George Osborne is under pressure to reveal if he held a private meeting with Rupert Murdoch days before the Treasury imposed a £650m budget cut on the BBC.
Whitehall speculation about the alleged meeting – which would raise fresh questions about the closeness of the relationship between the Conservatives and the Murdoch empire – has prompted Labour to write to Mr Osborne demanding he release full details of his contact with the News Corp boss.
Sources told The Independent that the Chancellor is said to have met Mr Murdoch shortly before the BBC’s Director-General, Lord Hall, was informed of the Government’s plan to force the Corporation to accept full financial responsibility for free TV licences for over-75s.
The alleged meeting is said to have taken place in Downing Street in late June.
Although the Treasury publishes quarterly details of ministers’ external meetings, confirmation of any recent discussion between Mr Murdoch and Mr Osborne is unlikely to be made public before next year and may not include specific dates.
Chris Bryant, the shadow Culture Secretary, wrote to Mr Osborne asking for a “fast-tracked” release of official “transparency data” involving his meetings with senior media executives.
The Labour frontbencher said there was a “public interest” in the information being published straight away, because of the potentially substantial economic benefits that could come to News Corp’s UK and international businesses from a shrunken and less powerful BBC.
Mr Bryant’s letter asks the Chancellor for “a list of all meetings, correspondence or phone calls you have had with Rupert Murdoch since the election [May 2015], along with notes of what was discussed in those conversations.”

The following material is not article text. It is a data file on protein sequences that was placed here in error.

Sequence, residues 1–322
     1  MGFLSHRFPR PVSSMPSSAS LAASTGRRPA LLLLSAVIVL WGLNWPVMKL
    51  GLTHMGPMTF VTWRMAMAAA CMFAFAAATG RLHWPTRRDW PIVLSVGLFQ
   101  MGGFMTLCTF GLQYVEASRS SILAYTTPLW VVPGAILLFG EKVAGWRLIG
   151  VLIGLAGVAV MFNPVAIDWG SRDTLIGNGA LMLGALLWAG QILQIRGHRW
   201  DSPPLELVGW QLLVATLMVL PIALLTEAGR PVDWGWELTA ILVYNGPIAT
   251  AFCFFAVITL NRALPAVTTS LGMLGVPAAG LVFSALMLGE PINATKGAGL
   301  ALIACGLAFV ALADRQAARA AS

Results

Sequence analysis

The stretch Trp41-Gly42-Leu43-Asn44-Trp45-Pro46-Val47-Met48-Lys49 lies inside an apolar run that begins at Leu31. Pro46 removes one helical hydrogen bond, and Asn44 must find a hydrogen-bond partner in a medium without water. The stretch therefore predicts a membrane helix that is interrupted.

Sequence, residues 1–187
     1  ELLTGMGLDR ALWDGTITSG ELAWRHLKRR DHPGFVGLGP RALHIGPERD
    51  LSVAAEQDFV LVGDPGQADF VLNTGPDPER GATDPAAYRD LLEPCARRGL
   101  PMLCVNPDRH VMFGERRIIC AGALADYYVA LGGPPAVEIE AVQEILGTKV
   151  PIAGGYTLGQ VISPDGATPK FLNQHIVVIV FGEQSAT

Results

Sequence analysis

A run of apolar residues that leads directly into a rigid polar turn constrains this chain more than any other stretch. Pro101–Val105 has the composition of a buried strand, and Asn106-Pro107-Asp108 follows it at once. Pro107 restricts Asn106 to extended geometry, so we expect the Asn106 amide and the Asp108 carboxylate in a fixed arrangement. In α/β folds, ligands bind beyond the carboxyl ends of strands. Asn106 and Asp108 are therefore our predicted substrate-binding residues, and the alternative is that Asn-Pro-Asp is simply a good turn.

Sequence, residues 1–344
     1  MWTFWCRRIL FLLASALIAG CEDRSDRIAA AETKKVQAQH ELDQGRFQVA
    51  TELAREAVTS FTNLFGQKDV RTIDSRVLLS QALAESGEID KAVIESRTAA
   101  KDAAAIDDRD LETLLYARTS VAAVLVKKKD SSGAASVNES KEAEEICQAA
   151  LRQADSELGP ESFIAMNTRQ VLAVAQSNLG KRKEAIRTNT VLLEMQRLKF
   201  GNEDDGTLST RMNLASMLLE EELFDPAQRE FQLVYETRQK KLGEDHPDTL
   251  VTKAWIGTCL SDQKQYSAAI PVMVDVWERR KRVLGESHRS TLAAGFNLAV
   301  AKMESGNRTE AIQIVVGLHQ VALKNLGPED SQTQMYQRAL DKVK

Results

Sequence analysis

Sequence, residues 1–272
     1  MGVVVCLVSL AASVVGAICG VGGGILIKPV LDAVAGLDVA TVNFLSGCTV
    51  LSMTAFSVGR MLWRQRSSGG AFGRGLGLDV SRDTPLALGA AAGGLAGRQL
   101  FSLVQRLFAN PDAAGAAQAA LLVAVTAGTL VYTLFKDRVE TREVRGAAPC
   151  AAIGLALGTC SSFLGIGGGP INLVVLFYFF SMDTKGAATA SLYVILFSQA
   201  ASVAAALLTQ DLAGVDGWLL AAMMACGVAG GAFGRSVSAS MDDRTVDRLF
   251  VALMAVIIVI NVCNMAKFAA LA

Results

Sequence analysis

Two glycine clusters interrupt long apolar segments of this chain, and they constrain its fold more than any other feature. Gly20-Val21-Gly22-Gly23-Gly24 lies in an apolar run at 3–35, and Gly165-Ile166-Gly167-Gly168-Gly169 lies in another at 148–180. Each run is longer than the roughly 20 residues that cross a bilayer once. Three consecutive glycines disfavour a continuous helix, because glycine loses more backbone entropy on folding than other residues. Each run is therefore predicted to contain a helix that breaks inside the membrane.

Mr Bryant, a former member of the Culture, Media and Sport Select Committee who was instrumental in helping expose criminal wrong-doing inside Mr Murdoch’s News of the World, told the Chancellor he would also be sending a Freedom of Information Act request to the Treasury.
However he appealed to Mr Osborne to release details of any Murdoch meetings “in good faith and in the public interest, rather than being forced to do so by the Act”.
Lord Hall was told about the switch of responsibility from the Department for Work and Pensions to the BBC for free over-75s television licences in the last week of June. The official announcement, he was told, would be part of the 8 July Budget.
The Independent has been told of concerns that an Osborne-Murdoch meeting took place ahead of the initial discussion with Lord Hall.
Days of negotiations followed, involving Mr Osborne, the Culture Secretary John Whittingdale, Lord Hall, and the CEO of the BBC Trust Rona Fairhead.
Lord Hall described the government talks as “very, very hard”. Although the Corporation lost £650m from its budget, the deal included measures to ease the BBC’s pain. These included pegging licence fee funding to inflation, abolishing its broadband rollout contributions by 2021, and an agreement on new revenue streams for iPlayer. The deal was heavily trailed in a leading UK Sunday newspaper owned by Mr Murdoch.
The Chancellor himself, appearing on the BBC ahead of his Budget, accused the Corporation of harbouring “imperial ambitions” and indicated that the BBC’s investment in its website would come under government scrutiny.
He said: “You wouldn’t want the BBC to completely crowd out national newspapers”.
Mr Murdoch’s son James, heir to his father’s media empire, used similar language in a 2009 speech at the Edinburgh Television Festival.
He told an audience that the BBC’s dominance and ambitions were “chilling” and complained of “free news” on the BBC website making it “incredibly difficult” for other organisations in that market.